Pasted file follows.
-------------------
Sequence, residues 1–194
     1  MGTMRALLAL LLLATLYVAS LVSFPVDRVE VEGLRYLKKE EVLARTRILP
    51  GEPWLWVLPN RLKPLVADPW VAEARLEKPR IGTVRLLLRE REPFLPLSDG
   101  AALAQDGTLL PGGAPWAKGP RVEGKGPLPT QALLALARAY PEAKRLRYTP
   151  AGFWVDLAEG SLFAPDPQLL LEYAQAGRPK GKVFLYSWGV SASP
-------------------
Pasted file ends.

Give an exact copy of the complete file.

Sequence, residues 1–194
     1  MGTMRALLAL LLLATLYVAS LVSFPVDRVE VEGLRYLKKE EVLARTRILP
    51  GEPWLWVLPN RLKPLVADPW VAEARLEKPR IGTVRLLLRE REPFLPLSDG
   101  AALAQDGTLL PGGAPWAKGP RVEGKGPLPT QALLALARAY PEAKRLRYTP
   151  AGFWVDLAEG SLFAPDPQLL LEYAQAGRPK GKVFLYSWGV SASP